Muthusamy, S, Sabhapathy P, Raghunath P, Sabbah A, Chang Y-C, Krishnamoorthy V, Ho T-T, Chiou J-W, Lin M-C, Chen L-C, Chen K-H.  2023.  Mimicking Metalloenzyme Microenvironments in the Transition Metal-Single Atom Catalysts for Electrochemical Hydrogen Peroxide Synthesis in an Acidic Medium, 2023. Small Methods. :2300234.: John Wiley & Sons, Ltd AbstractWebsite

Abstract Electrochemical reduction of oxygen into hydrogen peroxide in an acidic medium offers an energy-efficient and green H2O2 synthesis as an alternative to the energy-intensive anthraquinone process. Unfortunately, high overpotential, low production rates, and fierce competition from traditional four-electron reduction limit it. In this study, a metalloenzyme-like active structure is mimicked in carbon-based single-atom electrocatalysts for oxygen reduction to H2O2. Using a carbonization strategy, the primary electronic structure of the metal center with nitrogen and oxygen coordination is modulated, followed by epoxy oxygen functionalities close to the metal active sites. In an acidic medium, CoNOC active structures proceed with greater than 98% H2O2 selectivity (2e?/2H+) rather than CoNC active sites that are selective to H2O (4e?/4H+). Among all MNOC (M = Fe, Co, Mn, and Ni) single-atom electrocatalysts, the CoNOC is the most selective (> 98%) for H2O2 production, with a mass activity of 10 A g?1 at 0.60 V vs. RHE. X-ray absorption spectroscopy is used to identify the formation of unsymmetrical MNOC active structures. Experimental results are also compared to density functional theory calculations, which revealed that the structure-activity relationship of the epoxy-surrounded CoNOC active structure reaches optimum (?G*OOH) binding energies for high selectivity.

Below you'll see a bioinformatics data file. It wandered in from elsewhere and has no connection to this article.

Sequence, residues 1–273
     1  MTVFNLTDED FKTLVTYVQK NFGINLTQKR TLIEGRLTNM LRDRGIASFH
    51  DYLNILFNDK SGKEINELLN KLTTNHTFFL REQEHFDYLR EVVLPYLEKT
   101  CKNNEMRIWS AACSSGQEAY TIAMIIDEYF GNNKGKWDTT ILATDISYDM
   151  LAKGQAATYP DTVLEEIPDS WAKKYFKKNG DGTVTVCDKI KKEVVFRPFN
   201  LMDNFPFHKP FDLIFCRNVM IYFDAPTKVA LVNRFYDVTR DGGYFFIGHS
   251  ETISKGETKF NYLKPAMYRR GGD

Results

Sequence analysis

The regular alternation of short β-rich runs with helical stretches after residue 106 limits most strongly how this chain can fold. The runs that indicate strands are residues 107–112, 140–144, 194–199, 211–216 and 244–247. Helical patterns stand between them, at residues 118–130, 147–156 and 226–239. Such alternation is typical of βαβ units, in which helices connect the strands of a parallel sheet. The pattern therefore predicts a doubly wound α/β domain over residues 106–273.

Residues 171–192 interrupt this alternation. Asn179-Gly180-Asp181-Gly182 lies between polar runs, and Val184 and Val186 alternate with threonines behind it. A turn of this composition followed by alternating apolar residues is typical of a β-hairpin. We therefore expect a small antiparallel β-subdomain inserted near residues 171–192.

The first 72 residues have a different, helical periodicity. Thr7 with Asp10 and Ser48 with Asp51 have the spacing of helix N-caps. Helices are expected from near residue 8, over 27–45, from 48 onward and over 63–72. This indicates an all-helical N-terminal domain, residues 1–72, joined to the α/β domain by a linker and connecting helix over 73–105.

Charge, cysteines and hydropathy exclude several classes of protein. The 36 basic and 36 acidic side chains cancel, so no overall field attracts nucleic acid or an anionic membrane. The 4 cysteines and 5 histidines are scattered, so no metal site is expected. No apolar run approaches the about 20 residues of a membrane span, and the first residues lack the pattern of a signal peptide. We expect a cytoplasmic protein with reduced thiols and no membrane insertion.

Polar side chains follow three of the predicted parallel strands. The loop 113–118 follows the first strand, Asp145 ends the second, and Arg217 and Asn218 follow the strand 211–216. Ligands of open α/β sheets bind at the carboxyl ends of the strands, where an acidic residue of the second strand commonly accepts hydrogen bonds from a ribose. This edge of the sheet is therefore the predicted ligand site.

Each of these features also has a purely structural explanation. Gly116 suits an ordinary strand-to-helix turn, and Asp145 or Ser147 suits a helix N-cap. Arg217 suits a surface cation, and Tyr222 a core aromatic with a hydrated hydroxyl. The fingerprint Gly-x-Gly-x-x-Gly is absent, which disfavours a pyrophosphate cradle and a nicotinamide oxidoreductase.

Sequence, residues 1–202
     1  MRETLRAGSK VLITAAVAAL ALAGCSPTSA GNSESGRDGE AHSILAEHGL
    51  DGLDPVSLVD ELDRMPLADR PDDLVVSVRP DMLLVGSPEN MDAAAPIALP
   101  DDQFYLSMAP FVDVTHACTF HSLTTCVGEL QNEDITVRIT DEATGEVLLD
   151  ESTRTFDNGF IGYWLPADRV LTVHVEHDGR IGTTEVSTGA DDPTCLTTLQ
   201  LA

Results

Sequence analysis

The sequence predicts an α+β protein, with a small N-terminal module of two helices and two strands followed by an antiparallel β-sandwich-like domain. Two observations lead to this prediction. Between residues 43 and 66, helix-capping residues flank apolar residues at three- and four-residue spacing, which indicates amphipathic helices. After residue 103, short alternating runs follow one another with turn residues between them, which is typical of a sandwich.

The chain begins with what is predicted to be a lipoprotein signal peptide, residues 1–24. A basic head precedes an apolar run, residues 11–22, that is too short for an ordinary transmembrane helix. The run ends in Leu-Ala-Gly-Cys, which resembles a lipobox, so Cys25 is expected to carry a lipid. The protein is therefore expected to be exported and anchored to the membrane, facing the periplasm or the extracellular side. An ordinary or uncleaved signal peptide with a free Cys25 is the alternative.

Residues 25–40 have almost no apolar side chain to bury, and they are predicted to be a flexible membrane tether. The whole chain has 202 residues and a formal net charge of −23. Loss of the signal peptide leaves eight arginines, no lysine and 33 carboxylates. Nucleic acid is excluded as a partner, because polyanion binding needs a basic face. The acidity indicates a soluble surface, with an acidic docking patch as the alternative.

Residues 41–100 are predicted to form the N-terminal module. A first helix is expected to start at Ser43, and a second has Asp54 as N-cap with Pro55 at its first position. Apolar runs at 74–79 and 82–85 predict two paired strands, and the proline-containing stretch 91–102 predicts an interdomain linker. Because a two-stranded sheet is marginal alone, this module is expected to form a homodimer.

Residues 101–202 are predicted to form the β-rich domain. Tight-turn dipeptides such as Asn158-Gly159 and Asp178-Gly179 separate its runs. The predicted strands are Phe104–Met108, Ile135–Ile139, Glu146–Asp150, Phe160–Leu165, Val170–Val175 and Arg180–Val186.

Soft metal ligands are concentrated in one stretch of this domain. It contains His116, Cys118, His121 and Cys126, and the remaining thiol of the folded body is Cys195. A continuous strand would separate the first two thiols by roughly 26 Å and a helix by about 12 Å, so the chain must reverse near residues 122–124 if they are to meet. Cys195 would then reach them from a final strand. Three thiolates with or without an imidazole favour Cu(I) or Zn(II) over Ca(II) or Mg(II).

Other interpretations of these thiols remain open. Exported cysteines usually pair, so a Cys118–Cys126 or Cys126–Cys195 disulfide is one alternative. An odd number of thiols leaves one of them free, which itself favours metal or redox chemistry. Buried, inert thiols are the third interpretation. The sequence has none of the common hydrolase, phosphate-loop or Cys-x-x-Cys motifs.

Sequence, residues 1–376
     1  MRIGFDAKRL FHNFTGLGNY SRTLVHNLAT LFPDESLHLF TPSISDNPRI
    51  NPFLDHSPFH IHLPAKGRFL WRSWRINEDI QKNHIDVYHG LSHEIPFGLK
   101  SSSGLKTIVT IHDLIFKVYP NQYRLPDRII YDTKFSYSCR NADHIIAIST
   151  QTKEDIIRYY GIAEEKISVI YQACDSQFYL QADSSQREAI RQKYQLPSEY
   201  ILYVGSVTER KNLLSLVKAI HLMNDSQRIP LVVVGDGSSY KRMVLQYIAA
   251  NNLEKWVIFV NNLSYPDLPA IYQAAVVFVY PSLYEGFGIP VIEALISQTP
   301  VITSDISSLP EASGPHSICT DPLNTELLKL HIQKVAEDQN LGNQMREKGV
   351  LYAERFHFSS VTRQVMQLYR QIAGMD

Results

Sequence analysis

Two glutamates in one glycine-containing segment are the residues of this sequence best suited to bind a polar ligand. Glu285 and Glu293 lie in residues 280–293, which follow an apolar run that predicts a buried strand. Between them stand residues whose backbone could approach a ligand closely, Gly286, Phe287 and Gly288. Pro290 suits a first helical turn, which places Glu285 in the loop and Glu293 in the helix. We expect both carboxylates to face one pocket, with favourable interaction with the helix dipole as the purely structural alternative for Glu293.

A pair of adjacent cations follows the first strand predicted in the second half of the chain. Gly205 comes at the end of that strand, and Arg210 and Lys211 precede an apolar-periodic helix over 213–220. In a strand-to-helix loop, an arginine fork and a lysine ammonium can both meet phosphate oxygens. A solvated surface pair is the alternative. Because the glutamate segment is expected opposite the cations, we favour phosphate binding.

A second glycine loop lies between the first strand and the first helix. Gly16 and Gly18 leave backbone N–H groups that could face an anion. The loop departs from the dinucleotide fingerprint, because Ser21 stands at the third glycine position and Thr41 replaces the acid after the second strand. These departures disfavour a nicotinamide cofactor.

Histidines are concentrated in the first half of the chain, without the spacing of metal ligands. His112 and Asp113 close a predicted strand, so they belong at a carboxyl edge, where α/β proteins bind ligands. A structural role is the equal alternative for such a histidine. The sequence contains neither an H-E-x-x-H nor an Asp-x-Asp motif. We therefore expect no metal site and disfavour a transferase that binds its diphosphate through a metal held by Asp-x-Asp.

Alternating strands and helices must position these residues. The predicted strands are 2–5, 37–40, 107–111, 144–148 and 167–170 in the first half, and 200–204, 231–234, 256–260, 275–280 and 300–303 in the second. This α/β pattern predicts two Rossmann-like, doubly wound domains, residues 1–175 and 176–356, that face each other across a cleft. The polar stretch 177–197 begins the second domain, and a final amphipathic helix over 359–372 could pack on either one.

Lin, YG, Hsu YK, Lin YK, Chen SY, Chen LC, Chen* KH.  2011.  Microwave-activated CuO nanotip/ZnO nanorod nanoarchitectures embedded in a microreactor for efficient hydrogen production. J. Mater. Chem.. 21:324-326.